Easy to use and great sounds
With so many options, it might seem that the EK-50 would be a complicated unit. But after only a few minutes of exploring, I was able to navigate it pretty efficiently. I didn’t even need to open up the manual. The controls are well labelled, and everything is divided into sections: sounds, style presets, and arrangement controls. There’s even a handy dedicated piano tone button to instantly recall the quality piano sample. This sound is featured in the video, if you want to hear it.
As mentioned before, the keys are light. This doesn’t translate into a bad playing experience. They feel good and pleasantly springy. They are more appropriate on the organ, synth, and various other samples than on the piano.
Creating an arrangement is a fun activity. I would start out by finding a chord progression or melody idea. Once I had that figured out, I could tap in the tempo and start the party! You can bring in the instruments as you see fit, so it’s easy to have control over the dynamics and the general direction of your song or idea. It’s also easy to set up an accompaniment in any style and work on improvisation.
The sounds themselves are great. While exploring Korg’s included sets, I was impressed by the richness and depth of each one of them. You can adjust which layers you want to hear, and you can even modify the volume of each one. You can come up with your favourite flavours and then save them to one of the 40 user-defined set lists.
Good entry point to the world of arranger keyboards
If you are looking to explore what an arranger keyboard has to offer, the EK-50 is a logical choice. It’s not as expensive as the widespread models, while providing a lot of their features. It is a very capable and powerful unit. The ease of use is certainly a strong point, and you’ll have full songs in no time. I certainly had a lot of fun with it. It was great to explore all the styles and try out different musical ideas with a full band accompaniment.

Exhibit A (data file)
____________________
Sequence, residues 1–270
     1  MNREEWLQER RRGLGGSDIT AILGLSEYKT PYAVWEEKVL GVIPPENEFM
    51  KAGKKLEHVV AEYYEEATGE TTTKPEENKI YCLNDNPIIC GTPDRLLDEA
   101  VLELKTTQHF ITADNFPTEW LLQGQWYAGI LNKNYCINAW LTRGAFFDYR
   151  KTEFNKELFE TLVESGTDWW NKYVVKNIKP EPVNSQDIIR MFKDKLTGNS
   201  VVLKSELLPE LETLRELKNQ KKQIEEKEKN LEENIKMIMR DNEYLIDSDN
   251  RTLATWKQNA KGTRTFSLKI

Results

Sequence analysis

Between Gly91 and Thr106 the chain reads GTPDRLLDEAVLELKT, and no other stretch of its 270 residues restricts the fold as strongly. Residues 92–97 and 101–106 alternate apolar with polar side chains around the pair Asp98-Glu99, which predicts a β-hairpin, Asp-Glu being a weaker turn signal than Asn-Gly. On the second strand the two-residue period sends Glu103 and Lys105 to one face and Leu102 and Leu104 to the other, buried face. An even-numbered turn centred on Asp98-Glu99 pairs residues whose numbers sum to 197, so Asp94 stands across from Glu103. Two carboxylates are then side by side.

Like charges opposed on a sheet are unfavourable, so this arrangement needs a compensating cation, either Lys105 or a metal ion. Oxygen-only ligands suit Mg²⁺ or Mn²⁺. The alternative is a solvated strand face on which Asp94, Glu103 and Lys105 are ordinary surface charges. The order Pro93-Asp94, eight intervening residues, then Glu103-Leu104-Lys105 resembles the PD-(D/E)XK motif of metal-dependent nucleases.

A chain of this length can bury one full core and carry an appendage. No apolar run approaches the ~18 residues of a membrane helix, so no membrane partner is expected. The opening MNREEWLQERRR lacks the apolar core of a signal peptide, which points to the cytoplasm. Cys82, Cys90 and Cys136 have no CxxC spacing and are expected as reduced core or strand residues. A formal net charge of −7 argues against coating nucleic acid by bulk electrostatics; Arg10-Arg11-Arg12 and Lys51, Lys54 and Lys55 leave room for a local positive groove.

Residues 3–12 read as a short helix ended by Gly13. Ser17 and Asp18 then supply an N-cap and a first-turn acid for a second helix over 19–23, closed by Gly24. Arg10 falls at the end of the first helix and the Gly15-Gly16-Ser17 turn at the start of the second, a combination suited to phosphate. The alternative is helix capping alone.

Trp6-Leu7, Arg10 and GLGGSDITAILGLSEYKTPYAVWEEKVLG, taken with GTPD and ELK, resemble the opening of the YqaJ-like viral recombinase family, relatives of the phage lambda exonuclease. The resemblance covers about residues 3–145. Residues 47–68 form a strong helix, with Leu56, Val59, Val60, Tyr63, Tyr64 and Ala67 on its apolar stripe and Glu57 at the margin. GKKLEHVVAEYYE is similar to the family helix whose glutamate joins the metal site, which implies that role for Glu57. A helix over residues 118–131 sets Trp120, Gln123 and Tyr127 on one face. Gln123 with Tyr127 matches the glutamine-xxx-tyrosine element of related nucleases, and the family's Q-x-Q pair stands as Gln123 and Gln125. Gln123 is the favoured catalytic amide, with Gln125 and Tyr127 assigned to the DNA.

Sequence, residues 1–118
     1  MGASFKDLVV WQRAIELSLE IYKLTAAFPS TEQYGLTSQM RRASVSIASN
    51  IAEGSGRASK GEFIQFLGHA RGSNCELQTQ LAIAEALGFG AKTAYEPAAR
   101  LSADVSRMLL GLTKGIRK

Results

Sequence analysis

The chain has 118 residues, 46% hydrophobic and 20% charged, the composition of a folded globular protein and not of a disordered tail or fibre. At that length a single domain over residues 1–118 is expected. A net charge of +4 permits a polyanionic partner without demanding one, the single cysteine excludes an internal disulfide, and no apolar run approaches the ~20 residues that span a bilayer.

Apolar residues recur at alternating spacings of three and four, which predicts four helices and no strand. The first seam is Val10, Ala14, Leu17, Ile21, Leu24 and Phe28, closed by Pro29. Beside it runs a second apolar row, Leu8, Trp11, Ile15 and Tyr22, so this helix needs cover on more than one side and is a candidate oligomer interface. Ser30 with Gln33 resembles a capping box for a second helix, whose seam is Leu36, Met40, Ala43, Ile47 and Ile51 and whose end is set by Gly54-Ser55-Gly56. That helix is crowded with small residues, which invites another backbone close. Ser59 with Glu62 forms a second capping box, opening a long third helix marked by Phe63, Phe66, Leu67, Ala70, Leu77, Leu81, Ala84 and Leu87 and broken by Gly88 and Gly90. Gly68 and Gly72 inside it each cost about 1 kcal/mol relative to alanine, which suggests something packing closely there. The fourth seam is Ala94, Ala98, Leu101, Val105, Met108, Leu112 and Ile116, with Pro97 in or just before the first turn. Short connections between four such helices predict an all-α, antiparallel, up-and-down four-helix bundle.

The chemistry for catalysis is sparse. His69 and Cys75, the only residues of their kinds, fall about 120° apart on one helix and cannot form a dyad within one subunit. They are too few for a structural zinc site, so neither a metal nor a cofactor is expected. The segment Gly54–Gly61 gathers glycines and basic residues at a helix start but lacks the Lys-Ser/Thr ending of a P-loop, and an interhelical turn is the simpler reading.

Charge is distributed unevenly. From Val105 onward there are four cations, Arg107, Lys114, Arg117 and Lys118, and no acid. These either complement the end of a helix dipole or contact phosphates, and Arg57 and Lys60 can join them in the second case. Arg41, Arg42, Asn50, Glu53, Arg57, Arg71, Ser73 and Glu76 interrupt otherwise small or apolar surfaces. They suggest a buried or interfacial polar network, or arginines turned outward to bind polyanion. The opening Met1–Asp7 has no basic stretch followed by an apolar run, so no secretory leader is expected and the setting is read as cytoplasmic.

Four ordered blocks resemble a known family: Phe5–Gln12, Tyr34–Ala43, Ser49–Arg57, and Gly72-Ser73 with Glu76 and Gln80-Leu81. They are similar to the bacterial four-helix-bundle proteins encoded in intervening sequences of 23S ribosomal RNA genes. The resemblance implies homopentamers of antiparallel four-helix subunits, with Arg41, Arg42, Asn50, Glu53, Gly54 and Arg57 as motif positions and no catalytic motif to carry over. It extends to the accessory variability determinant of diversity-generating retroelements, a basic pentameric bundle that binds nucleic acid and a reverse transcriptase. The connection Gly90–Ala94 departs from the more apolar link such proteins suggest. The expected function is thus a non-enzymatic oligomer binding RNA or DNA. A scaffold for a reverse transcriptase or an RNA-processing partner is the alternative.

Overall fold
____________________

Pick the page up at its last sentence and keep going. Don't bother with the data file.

This is a great choice for the one-man show performer. It has all the important connections and features that you’ll need to entertain any type of audience. With some preparation, you can perform awesome sets covering many styles, all thanks to this versatile unit. The battery compartment and built-in speakers are welcome additions, especially if you like to carry your keyboard with you to friends’ houses, on business trips, or any other kind of outing.
It might not be the best choice for a beginner to learn, though. If you’re just starting out, you’ll probably have a lot of things to work on before you can make the most of all the features and arrangement possibilities of the EK-50. If you’ve never played piano, you’ll also be missing out on all of the benefits of starting out with a heavier piano action—something a lot of teachers insist on.
Make sure to check out the Korg EK-50 on Best Buy’s website.